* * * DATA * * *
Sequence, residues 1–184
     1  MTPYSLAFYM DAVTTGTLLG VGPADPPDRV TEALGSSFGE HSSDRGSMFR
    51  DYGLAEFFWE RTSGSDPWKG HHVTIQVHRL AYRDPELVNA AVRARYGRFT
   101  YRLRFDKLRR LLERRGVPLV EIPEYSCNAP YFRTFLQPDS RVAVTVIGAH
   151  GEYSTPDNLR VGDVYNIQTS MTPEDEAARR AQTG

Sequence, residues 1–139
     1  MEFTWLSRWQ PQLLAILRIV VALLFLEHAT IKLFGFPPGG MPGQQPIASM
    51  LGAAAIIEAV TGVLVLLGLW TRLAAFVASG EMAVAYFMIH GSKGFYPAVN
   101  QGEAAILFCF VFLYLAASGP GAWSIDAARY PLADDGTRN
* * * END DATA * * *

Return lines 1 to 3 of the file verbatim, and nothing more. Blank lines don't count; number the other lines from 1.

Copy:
Sequence, residues 1–184
     1  MTPYSLAFYM DAVTTGTLLG VGPADPPDRV TEALGSSFGE HSSDRGSMFR
    51  DYGLAEFFWE RTSGSDPWKG HHVTIQVHRL AYRDPELVNA AVRARYGRFT